emphasis was on multidisciplinary clinical and research programs that cut across traditional department lines. Partnerships were developed with the University of Cincinnati, local industry, and the military to develop emerging technologies for improved
patient care. The Center for Surgical Innovation was opened in 2006 to advance research and training in robotics, telemedicine, and telesurgery. Dr. Matthews accepted the position as Chairman of Surgery at the University of Chicago in October 2006.
Dr. Michael S. Nussbaum, Professor of Surgery and Interim Chairman (2006-2008), was Chief of Staff at the University Hospital and served as Vice Chair for Clinical Affairs in the Department of Surgery since 2003. He was a member of the
UC faculty since 1986 when he completed his surgical residency training in the UC Department of Surgery. His clinical and research interests are in gastrointestinal surgery and minimally invasive approaches to general surgery. Dr. Nussbaum was part
of the original team that developed the plans for what became the Center for Surgical Innovation. He is involved in outcomes-related studies involving videoscopic surgery, clinical pathway development, surgery for inflammatory bowel disease, and the
surgical treatment of swallowing disorders. His longstanding commitment to excellence in patient care continued to advance the Department's mission of fostering education, research, and innovations for treating surgical patients. Dr. Nussbaum became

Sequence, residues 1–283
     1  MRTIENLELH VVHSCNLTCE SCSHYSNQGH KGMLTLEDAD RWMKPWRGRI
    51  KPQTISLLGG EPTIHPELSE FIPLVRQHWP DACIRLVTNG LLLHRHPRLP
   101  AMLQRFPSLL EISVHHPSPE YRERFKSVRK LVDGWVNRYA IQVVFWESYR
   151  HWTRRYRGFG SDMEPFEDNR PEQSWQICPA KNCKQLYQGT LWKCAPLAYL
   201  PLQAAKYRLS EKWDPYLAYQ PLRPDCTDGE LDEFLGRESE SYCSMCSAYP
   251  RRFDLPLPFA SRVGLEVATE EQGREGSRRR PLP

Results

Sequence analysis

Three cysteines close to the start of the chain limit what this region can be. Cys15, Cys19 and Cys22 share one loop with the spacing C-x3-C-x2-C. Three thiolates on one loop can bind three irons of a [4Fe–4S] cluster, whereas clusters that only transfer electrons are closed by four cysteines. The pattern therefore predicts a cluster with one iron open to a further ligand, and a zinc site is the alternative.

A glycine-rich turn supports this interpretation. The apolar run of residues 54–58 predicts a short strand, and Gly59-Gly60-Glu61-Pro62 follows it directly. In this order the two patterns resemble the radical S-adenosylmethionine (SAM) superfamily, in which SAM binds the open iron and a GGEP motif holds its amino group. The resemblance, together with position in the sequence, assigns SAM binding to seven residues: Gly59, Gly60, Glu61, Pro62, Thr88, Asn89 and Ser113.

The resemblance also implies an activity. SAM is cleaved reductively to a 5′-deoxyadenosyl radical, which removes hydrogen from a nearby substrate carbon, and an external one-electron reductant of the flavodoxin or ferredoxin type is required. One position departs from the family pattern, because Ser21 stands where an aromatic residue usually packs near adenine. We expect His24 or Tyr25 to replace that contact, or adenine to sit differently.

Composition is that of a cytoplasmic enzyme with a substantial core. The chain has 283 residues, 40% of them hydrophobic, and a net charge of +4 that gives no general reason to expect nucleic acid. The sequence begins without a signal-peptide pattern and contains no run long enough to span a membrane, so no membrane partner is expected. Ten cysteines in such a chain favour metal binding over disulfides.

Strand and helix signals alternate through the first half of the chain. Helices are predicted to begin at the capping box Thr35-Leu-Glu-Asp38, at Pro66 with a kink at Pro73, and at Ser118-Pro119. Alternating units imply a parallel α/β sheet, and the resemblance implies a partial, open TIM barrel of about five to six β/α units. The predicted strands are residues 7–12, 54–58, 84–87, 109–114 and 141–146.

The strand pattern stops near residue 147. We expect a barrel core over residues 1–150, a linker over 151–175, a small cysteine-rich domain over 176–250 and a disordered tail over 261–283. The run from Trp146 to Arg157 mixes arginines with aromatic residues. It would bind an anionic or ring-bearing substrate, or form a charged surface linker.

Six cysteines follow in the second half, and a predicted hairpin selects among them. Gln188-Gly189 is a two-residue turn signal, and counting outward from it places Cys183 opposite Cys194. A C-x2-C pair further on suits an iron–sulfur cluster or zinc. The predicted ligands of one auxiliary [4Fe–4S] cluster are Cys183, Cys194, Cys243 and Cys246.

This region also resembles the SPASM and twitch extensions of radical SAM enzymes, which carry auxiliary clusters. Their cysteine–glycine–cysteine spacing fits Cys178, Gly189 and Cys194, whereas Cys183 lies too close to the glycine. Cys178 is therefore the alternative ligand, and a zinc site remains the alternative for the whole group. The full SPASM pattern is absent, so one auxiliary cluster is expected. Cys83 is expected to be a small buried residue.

the first Chair of Surgery at the University of Florida in Jacksonville.
Dr. Michael J. Edwards, the seventh Christian R. Holmes Professor and Chairman (2008-2019), graduated from Emory University School of Medicine, then completed his general surgery residency at the University of Louisville and a surgical
oncology fellowship at the M.D. Anderson Cancer Center. An oncologic surgeon, his clinical practice focuses on breast cancer. Dr. Edwards nurtured the development of the University of Cincinnati Institute for Military Medicine (formally established by the UC Board of Trustees in 2009), an internationally renowned program advancing the care of the acutely injured soldier and civilian. Dr. Edwards brought a principled approach to the Department with a profound commitment